The first step to tying your own bass jig is laying in the skirt materials and securing them with thread or wire. I like heavy thread but sometimes use light guage wire. I use wire to secure the rattle as you will see in step 5 of tying your own bass jig. Tying your own bass jig requires at least some basic fly tying tools and knowledge to tie a quality jig and a jig that will hold up under heavy fishing. This is where you will lay in strands of flashabou or tinsel if you want. Secure your custom bass jig skirt wraps with epoxy or fly head cement. There are many other glues that work and a quick google search will give you those options for tying your bass jigs.
The second step to tying your own bass jig is to trim your skirt if you use a pre-made skirt for your jig. To seperate the rubber or silicone fibers pull the strands tight before trimming the skirt end. You can use single strand to build a more custom mixture of fibers. I usually add flashabou and tinsel to add custom colors to my bass jig. You can also use pre-made jig skirts if you wish and just add a couple different skirt colors to mix the colors for your bass jig. With pre-made jig skirts, using the end tab on the skirt, pull the strands tight then trim the jig skirt end tab off using scissors. You can trim your jig skirt at this point to the desired length but I leave the jig skirt full length until I'm on the water unless I'm tying the jig for a particular tournament or day on the water.
Tying Jig Step 2
At this point, in the jig tying process, you should decide if you want a rattle or not. I tie a rattle in all my bass jigs unless it is a hair jig for which I use in clear and/or cold water. When the water is clear or cold I want my presentation to be as finesse as possible and a rattle might be a bit too much for this situation. If you do decide to tie a rattle to your bass jig there is two places you could tie in your rattle and that is either up on the head collar or below the jig skirt down on the trailer keeper. I like to tie my rattles using NORTHLAND FISHING TACKLE strap rattles. These rattles have a strap that is perfect for tying onto your bass jigs and still has eough strap left to allow the rattle to really wiggle and create the sound it was meant to.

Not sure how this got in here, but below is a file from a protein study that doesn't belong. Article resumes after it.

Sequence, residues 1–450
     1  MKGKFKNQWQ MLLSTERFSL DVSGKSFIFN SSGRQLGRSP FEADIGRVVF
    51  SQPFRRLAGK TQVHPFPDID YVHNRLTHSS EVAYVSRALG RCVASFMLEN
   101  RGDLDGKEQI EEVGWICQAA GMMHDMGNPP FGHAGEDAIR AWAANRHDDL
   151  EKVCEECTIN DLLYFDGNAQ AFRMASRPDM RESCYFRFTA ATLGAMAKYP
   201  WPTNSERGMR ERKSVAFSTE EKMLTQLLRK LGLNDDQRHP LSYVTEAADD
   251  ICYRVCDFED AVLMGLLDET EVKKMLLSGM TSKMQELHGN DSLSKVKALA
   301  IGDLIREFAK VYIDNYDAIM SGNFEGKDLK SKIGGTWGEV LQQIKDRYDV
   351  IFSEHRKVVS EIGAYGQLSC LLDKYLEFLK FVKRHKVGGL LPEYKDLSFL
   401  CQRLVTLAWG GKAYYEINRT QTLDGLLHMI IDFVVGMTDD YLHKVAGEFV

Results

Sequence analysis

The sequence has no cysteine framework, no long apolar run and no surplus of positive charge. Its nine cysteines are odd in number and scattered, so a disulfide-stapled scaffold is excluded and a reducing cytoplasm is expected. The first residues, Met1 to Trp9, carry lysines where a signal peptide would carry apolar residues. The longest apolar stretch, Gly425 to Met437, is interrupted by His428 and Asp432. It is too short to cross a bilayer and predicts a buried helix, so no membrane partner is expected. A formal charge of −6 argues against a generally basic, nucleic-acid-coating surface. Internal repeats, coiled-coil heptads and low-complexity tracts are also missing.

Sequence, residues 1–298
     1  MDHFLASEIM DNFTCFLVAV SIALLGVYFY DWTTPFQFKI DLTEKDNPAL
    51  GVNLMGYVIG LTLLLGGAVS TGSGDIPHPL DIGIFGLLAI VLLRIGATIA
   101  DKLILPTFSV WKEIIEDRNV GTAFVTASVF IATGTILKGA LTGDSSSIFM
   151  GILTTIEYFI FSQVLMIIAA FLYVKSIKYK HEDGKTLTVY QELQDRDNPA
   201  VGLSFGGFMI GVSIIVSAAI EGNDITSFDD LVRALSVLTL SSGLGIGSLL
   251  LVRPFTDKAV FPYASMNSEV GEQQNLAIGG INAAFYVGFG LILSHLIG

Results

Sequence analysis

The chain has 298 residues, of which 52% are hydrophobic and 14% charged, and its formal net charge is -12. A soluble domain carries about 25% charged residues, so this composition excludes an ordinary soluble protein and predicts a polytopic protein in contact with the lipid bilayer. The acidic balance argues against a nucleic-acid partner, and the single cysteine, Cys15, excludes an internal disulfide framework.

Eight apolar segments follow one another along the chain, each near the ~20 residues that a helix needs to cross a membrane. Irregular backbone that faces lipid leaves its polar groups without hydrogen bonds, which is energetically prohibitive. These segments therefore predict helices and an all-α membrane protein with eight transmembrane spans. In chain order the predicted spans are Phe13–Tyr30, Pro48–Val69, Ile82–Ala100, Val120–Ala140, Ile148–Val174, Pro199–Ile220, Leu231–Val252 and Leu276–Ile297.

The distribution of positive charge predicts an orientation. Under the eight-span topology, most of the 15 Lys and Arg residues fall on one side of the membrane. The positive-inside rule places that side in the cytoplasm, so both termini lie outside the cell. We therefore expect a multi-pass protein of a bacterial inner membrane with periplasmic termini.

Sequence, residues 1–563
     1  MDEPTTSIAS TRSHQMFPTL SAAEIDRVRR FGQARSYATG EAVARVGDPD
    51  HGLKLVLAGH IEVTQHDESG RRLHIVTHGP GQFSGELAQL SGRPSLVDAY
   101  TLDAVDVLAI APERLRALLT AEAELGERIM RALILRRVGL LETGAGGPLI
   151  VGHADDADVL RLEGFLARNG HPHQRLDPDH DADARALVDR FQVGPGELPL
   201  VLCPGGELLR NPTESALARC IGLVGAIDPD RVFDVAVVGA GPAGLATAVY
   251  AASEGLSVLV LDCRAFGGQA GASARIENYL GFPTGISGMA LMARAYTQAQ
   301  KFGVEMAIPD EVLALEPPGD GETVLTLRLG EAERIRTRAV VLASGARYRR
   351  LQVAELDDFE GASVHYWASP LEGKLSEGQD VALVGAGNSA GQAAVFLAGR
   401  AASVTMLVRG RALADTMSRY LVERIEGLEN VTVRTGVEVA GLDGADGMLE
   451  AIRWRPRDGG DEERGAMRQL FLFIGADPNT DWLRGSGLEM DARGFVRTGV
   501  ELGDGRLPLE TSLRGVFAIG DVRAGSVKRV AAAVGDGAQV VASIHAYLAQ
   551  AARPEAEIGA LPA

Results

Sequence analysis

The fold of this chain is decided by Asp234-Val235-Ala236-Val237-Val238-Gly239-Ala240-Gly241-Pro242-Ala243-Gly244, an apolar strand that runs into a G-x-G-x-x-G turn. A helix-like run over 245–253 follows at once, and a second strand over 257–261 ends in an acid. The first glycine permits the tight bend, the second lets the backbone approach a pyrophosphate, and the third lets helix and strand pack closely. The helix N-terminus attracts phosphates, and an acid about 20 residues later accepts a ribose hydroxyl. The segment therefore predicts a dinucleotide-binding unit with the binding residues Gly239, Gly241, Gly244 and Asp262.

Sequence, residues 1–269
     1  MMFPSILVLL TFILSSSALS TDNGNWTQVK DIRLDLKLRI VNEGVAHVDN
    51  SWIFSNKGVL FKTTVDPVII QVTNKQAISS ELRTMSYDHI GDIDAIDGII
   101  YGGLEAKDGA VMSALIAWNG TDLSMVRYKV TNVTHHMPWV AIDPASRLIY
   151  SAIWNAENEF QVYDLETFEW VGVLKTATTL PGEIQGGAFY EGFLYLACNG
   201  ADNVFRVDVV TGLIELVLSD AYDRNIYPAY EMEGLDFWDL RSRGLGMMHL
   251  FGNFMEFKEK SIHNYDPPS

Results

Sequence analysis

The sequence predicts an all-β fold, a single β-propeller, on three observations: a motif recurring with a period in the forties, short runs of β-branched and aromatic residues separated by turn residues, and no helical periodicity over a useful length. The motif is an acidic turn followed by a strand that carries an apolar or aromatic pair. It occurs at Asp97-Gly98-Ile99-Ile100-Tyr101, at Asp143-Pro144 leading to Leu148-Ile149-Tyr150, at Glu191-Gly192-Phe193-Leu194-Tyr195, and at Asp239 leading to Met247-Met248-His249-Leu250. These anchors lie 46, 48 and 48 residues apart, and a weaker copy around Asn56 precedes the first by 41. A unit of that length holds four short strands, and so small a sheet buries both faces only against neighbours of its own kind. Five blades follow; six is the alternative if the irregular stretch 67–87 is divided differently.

I use wire to tie the jig skirt forward and out of the way so I can tie the NORTHLAND TACKLE strap rattle into the jig. I always use wire to tie the rattle. I finally lost one too many rattles with other techniques and rattle bands it is wire for my rattle from here on out. You can see in the photo to the right that I leave a little of the trailer keeper barb exposed so if I want to I can add a trailer to my bass jig. I use chunks now probably 95% of the time because I hate when the trailer slides down on my hook shank and believe me if you fish your jig as aggressively as I do through thick cover the trailer will slide down and all that plastic on the hook shank will impede hook penetration and that is not what you want when you hook a five pounder in a tree top with your bass jig.
Light wire to tie your bass jig adds durability to your bass jig
Tie in your rattle for durability photo by Ken McBroom
Finished Bass Jig
This is a finished football head jig. I use football head jigs most of the time because they work great in rock, gravel and wood. Football head jigs are usually used for deep rocky areas offshore. The football head jig tends to stick to wood as you pull it up and out of thick shallow cover. While this is why many anglers don't use the football head jig this is exactly why I like the football head jig for heavy shallow wood cover when flipping. I like to purposely bang the football head on wood cover to entice reaction strikes from highly pressured bass. Works for me so I throw the football head jig most of the time.